MEPS 309:75-91 (2006)  -  doi:10.3354/meps309075

Plankton community structure and variability in the Scotia Sea: austral summer 2003

Peter Ward*, Rachael Shreeve, Angus Atkinson, Beki Korb, Mick Whitehouse, Sally Thorpe, David Pond, Nathan Cunningham

British Antarctic Survey, Natural Environment Research Council, High Cross, Madingley Rd., Cambridge CB3 0ET, UK

ABSTRACT: Plankton community structure in the Scotia Sea was investigated during January/early February 2003 based on phytoplankton cell counts from 20 m depth and mesozooplankton counts from 0 to 400 m net hauls. Cluster analysis and multi-dimensional scaling revealed 4 major groups of stations within each ordination that broadly corresponded geographically. A grouping of stations to the east of the Antarctic Peninsula was characterised by low phytoplankton cell counts. The corresponding grouping of stations in the mesozooplankton data were characterised by low abundance, overwintered state of many species, low egg production rates, and low carbon mass of copepod instars. In contrast, groupings of stations in the northern part of the Scotia Sea were characterised as chlorophyll and mesozooplankton rich, and the summer generation was well advanced. Latitude was most strongly correlated with mesozooplankton community pattern (rank correlation ρ = 0.608), whereas surface chlorophyll a was a weaker correlate (ρ = 0.344) but along with measures of size-fractioned chlorophyll contributed towards explaining variation in species stages carbon mass and egg production rates. Additional hauls to 1000 m with an LHPR indicated copepod populations were broadly in an overwintered state in the south of the region, whereas to the north of South Georgia recruitment had been completed and some species were undergoing a seasonal descent. A comparison with January/February 2000 revealed higher abundances of krill larvae throughout the Scotia Sea in 2000 as well as a more advanced generation of the copepod Calanoides acutus. Ice cover during the 2 years differed considerably; in 2000 the position of the summer ice edge broadly accorded with the 25 yr average, whereas in 2003 the ice edge lay much further north than usual. We suggest that the timing of ice retreat influenced the timing of reproduction with the late retreat in 2003 causing delayed reproduction and reduced population sizes.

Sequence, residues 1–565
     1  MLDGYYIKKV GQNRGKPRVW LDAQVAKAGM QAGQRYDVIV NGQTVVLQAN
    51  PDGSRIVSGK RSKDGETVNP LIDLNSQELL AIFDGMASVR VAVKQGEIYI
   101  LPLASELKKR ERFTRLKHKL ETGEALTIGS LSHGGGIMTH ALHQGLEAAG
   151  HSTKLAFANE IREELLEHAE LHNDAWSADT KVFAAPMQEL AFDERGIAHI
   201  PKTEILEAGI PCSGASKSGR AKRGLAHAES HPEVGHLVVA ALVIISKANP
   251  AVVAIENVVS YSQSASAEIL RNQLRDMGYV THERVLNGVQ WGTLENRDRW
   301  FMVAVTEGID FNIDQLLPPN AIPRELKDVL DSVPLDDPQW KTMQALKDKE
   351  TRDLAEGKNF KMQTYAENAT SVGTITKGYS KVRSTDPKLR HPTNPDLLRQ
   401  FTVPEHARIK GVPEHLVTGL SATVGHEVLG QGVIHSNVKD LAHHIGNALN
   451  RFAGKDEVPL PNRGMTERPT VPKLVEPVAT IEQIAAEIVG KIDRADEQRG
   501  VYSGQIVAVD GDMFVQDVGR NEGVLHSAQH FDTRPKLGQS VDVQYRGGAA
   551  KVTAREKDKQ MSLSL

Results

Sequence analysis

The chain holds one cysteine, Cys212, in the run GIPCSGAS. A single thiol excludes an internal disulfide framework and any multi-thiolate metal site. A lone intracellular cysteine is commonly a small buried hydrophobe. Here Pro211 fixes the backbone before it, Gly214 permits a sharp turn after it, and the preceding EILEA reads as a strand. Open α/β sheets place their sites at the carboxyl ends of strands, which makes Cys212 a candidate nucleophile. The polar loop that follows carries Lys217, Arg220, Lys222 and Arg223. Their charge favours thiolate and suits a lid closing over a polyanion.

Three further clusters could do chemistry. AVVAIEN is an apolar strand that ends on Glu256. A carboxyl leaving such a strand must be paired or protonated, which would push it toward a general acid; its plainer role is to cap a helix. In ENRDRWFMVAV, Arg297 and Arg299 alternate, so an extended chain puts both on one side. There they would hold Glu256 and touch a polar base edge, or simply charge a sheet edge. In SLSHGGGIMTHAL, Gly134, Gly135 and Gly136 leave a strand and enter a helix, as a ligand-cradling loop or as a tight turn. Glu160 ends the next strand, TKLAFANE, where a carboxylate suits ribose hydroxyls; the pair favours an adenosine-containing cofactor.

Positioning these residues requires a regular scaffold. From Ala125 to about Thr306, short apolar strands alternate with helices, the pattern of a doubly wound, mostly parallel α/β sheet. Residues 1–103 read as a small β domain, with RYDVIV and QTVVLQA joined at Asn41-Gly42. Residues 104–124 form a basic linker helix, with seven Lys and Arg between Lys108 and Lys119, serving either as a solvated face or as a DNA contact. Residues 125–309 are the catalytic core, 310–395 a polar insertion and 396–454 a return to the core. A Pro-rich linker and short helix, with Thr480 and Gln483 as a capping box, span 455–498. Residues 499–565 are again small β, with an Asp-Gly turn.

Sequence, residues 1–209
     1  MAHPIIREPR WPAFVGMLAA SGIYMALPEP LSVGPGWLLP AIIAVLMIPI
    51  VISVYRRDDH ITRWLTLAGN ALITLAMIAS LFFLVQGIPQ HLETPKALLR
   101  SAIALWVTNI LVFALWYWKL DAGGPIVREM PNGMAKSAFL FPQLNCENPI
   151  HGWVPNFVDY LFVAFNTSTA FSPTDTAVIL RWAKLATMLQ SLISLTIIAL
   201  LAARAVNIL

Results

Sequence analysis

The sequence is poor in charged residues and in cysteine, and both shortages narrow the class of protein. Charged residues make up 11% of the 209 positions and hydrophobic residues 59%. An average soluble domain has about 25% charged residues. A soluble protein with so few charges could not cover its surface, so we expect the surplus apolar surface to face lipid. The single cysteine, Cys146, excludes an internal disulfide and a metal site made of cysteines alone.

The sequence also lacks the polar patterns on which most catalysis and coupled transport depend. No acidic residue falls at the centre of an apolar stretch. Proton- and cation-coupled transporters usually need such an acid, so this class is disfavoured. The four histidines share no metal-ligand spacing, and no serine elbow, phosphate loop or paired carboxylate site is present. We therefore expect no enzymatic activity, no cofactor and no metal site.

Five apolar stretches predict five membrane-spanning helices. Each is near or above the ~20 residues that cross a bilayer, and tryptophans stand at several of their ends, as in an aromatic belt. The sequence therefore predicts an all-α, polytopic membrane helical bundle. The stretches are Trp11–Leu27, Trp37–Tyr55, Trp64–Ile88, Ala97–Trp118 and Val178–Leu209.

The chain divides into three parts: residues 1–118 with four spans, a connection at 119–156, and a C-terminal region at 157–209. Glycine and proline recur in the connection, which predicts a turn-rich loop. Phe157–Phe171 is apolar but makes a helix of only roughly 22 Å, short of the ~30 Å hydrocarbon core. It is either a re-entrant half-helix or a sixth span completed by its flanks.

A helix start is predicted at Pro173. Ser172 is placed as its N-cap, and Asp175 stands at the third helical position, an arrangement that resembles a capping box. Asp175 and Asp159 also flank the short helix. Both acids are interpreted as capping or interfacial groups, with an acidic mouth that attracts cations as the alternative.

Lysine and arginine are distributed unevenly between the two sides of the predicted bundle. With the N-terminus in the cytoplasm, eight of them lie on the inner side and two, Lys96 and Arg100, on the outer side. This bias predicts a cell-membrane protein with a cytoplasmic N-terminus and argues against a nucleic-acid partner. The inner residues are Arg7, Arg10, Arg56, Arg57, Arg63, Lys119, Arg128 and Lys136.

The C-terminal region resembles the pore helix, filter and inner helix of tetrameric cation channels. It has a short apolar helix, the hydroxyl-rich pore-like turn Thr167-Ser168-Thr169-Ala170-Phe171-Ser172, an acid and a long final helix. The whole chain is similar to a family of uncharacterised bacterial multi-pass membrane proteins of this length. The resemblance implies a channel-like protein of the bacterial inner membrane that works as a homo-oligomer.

KEY WORDS: Southern Ocean · Phytoplankton · Zooplankton · Community structure · Production · Sea ice


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